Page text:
Jump, near Barnsley, in South Yorkshire is certainly an eye-catching name on a sign, and somewhat arresting when said out loud.
But locals have heard it all before…
“…you have a slight touch of onomaphobia as regards the name of our village. The name, tout court, certainly does impinge rather directly on the attention, showing that it has the “punch” or “pep” so beloved of our transatlantic cousins. By the way, the name of Jump would make the fortune of a striving burgh out West.”
Penistone, Stocksbridge and Hoyland Express, 4th April 1925, p.4
Wild West or not, in times gone by it has often been the subject of comment and even scandal:
“Jump was noted as the sport of the Press, and any sensational story was tacked onto it. Society at large thought of it with derision, and speculators gave it a wide berth.”
In what we hope will be an ongoing series of guest blogs on the site, we’re delighted to share this Creative Heritage piece, sharing the story of one of many creative ways of engaging with heritage and history, inspired by or aligned with the stories of Hemingfield Colliery.
This one brings together old and new technology as Peter Duthie shares his insights into planning, designing and fabricating 3D models of industrial electric locomotives. Peter writes:
On Saturday 17th October 2020, The Friends of Hemingfield Colliery squeezed another socially-distanced and Covid-safe session for a small number of volunteers. Working outdoors in the fresh air it was a busy day, even if it might have been the last in 2020.
Seizing another weekend of good weather and maintaining the momentum of recent weeks, the Friends and regular volunteers started early and quickly got shovelling, mixing and delivering lime mortar ready to continue rebuilding the collapsed rear retaining wall. Working safely outdoors and with focus to get the job done, the global pandemic seemed a little further away for a short while.
Another weekend, another day to catch up on some of the time lost from the initial impact of the Coronavirus pandemic. The Friends of Hemingfield Colliery have been operating on a much-reduced closed-site basis with pre-arranged and socially distanced activities being undertaken by the regular volunteers.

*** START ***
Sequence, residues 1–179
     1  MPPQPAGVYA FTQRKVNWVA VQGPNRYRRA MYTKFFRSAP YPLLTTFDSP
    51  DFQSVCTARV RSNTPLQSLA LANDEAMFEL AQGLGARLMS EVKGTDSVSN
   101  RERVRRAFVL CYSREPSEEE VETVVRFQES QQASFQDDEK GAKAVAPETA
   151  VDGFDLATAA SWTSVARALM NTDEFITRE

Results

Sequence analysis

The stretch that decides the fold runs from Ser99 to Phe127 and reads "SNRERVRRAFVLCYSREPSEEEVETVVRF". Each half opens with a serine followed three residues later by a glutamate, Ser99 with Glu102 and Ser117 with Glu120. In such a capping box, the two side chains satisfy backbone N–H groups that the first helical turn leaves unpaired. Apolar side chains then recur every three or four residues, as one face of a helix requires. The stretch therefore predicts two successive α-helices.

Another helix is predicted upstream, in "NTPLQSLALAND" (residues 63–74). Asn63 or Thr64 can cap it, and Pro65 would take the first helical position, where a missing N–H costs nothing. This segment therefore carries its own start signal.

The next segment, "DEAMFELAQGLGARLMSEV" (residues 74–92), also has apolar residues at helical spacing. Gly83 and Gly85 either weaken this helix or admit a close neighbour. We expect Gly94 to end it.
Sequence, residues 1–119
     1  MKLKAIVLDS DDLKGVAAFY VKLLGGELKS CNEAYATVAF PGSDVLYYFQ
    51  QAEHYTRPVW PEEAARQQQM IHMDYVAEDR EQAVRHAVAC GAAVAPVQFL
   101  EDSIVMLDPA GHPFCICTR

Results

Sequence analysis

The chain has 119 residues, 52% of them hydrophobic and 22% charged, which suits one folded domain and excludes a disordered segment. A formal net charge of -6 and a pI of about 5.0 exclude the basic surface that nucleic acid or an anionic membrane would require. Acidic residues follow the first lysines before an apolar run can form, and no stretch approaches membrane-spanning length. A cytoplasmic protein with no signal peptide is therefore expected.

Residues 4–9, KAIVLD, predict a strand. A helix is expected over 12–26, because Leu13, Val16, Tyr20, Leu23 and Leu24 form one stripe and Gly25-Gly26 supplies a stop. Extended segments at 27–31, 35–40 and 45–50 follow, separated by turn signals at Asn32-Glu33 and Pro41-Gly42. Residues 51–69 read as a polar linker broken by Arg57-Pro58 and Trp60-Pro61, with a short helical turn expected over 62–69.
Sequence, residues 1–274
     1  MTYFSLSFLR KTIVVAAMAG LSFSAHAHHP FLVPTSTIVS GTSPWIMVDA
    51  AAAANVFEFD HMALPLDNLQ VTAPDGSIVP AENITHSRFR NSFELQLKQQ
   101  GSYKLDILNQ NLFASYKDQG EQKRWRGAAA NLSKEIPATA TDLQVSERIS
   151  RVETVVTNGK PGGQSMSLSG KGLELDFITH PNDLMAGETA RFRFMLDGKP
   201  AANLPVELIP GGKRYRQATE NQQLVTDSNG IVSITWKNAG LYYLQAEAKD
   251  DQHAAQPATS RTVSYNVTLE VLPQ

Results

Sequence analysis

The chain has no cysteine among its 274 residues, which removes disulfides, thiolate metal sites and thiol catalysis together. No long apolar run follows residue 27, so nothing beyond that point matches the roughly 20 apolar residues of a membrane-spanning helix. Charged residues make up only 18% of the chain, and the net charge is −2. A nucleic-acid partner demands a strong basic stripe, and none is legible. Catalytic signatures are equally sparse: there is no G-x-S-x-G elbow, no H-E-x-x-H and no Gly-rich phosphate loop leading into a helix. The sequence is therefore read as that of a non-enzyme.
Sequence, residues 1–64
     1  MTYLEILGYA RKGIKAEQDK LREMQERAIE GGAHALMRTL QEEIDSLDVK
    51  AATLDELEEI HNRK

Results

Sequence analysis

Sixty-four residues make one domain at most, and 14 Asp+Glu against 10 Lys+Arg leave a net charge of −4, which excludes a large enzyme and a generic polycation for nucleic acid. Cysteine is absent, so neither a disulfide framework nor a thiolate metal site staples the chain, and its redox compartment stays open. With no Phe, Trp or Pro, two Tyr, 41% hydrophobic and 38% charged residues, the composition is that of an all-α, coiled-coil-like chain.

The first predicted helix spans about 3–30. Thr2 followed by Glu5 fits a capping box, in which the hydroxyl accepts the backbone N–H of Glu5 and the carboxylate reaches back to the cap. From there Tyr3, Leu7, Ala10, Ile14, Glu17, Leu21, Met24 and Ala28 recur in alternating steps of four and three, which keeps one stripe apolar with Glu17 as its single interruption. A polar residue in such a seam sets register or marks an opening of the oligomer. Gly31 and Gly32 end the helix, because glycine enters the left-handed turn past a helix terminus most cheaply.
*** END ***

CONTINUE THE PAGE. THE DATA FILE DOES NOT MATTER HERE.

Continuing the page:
The weather had been touch and go in the week proceeding Saturday 29th August 2020, but the forecast suggested hopes of at least a decent morning’s worth of work without rain, leading us into a very different kind of August Bank Holiday weekend.
Compared to 2020, 2019 looked quite different, with no pandemic, and Open Days bringing visitors and volunteers through the gates at Hemingfield.
Going for broke, the Friends and regular volunteers decided to try and get another weekend COVID-safe session in at Hemingfield Colliery. Hoping against hope that they would not be blown away or proceedings drowned out before further progress could be made on the rear retaining wall.
Cooler, but no less humid. Cloudy with no chance of downpours. But who trusts the forecasts? The Friends and volunteeers arrived for another COVID-catch-up session; safely-spaced and behind closed-gates to try and make good some of the lost weekends over the past few months that have cast such a long shadow over the country, and worldwide.
Bit warm again. Seeking to keep up the momentum from the last week’s efforts, the Friends and careful band of regular volunteers returned to Hemingfield Colliery once again for another early start to a day of repairs to the rear retaining wall behind the winding engine house. Still gently returning to the site and following COVID-19 secure guidance, the pit was working behind closed gates again for now.
Nothing but blue skies may be an optimistic note to strike in the midst of a global pandemic, but despite the darker clouds, the ups and downs, through the closings, reopenings and re-closings of recent days, the ability to safely distance and volunteer with others, carefully, outdoors, for a common cause – to protect and restore our common heritage – is something to celebrate. Saturday 1st August also had the distinction of being Yorkshire Day – so it was good to see the blue flags flying the white rose against a mostly blue sky.
Indeed, despite the widespread uncertainty and social and economic distress since the crisis began in March, it is heartening to see concrete steps being taken to support culture, the arts and heritage; most recently the announcement of the £88M Culture Recovery Fund for Heritage distributed by the National Lottery Heritage Fund in partnership with Historic England, following criteria from the Department for Culture, Media and Sport. This fund is part of the £1.57 billion rescue package from government to safeguard cultural and heritage organisations across the UK.